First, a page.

Escaping the boredom of being at home in a safe way has brought people and their dogs out to trails, parks and water spots. These experiences are uplifting and provide physical and mental benefits for the whole family. However, the Texas summer months introduce more hazards, including algae blooms and heat exhaustion.
Last year, a handful of dogs lost their life after a family outing. They were exposed to the toxic bacteria that gloms onto the blue-green algae living in some Central Texas waters. Algae blooms typically occur during the late summer when conditions are hot and dry.
Before planning a dip in a water way, research the water’s conditions. Or create a water wonderland in your back yard. At the Williamson County Regional Animal Shelter, staff and volunteers set up our own water park for the dogs, including kid pools, sprinklers and hoses to create a fun experience and keep everyone cool in the summer heat.
Heat exhaustion, or hyperthermia, is the elevation of an animal’s body temperature not caused by an internal infection. A dog’s normal body temperature is around 101° F. The symptoms of heat exhaustion include heavy panting, weakness, vomiting and dehydration.
Brachycephalic dogs, or those with short snouts, such as bulldogs or pugs, and dogs with heavy, ungroomed coats are more susceptible to the heat and should be watched closely when outside in high temperatures. If these symptoms progress untreated, the dog may enter heat stroke. This stage is extremely life threatening and includes diarrhea followed by seizures, coma and potentially death.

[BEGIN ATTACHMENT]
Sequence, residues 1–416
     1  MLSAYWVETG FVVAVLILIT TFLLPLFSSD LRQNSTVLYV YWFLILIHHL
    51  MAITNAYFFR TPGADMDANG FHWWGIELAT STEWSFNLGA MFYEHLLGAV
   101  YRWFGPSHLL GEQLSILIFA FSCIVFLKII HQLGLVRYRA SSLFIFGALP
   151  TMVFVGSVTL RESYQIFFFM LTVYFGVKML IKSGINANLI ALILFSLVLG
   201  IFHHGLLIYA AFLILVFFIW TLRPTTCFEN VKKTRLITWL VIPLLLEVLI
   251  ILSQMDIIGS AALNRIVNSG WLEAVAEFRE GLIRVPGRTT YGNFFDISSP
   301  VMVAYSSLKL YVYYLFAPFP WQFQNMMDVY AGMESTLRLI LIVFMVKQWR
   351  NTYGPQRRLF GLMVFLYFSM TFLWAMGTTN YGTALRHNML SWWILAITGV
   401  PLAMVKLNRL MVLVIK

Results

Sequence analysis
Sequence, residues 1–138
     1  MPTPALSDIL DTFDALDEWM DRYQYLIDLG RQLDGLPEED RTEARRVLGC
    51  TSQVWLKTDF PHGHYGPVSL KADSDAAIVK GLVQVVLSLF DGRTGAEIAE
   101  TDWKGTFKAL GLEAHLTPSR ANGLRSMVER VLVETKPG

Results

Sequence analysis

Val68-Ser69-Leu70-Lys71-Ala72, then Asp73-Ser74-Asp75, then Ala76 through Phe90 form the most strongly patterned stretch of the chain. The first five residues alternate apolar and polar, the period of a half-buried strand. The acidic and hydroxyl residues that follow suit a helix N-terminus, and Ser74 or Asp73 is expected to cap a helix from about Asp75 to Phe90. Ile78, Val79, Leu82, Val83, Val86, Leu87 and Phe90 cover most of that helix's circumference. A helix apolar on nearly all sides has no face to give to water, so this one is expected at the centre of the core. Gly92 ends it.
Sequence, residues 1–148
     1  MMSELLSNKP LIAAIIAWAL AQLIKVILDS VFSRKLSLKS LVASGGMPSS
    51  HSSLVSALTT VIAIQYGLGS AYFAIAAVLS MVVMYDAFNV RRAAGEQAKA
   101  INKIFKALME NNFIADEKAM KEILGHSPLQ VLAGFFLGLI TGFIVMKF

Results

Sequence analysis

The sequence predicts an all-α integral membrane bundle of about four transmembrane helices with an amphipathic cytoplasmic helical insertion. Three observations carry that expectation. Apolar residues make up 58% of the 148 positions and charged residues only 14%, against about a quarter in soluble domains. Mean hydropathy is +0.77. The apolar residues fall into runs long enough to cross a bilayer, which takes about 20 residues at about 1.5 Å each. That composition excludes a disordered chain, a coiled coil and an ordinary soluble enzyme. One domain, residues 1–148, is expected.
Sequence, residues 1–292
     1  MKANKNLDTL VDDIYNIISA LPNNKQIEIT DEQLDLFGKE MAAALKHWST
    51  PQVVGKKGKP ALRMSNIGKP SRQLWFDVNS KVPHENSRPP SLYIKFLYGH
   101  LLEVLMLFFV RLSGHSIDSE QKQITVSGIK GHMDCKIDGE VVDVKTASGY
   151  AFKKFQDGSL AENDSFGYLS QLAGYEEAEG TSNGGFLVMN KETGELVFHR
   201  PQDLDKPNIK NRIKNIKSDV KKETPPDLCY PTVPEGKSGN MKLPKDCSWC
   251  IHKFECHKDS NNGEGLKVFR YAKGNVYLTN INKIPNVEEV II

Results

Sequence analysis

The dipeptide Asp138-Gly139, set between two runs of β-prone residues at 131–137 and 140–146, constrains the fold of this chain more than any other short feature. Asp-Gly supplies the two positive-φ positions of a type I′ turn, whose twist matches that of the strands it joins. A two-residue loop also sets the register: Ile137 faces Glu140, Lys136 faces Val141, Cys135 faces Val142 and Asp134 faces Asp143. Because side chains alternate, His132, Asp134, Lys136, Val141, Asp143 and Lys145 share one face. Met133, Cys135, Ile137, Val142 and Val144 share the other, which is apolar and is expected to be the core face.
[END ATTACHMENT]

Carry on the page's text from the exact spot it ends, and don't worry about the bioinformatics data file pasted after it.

Luckily, there are many ways to keep your pets safe from heat exhaustion.
Prevention: During hot days, make sure your animals have plenty of clean drinking water wading water, and shade. Treat heat advisory warnings (days in which the temperatures will create a situation making heat exhaustion and stroke likely) as importantly as freeze warnings and bring your pets inside. Lost dogs are at risk of heat exhaustion because they no longer have easy access to their shade and water resources.
Hand test: Test the pavement with your hand before letting your dog walk on those surfaces. Hold your hand on the pavement for five seconds (if you can). If you cannot hold your hand against the hot pavement for all five seconds or if it was very hot to do so, do not let your dog walk on the pavement. Instead, find times to walk your dog when the temperature is cooler, such as the mornings or evenings.
Grooming: Keep your dog groomed, but do not give him a short shave for the summer months. A dog’s coat acts as an insulator. Not only does it keep them warm during the winter, it actually helps them from overheating in the summer. Dogs will naturally shed into their summer coats. Help the process by taking your dog to a professional groomer or brushing out the winter layers of his coat.
Staying hydrated: When out with your dog, keep yourself and your pup hydrated. This could be as simple…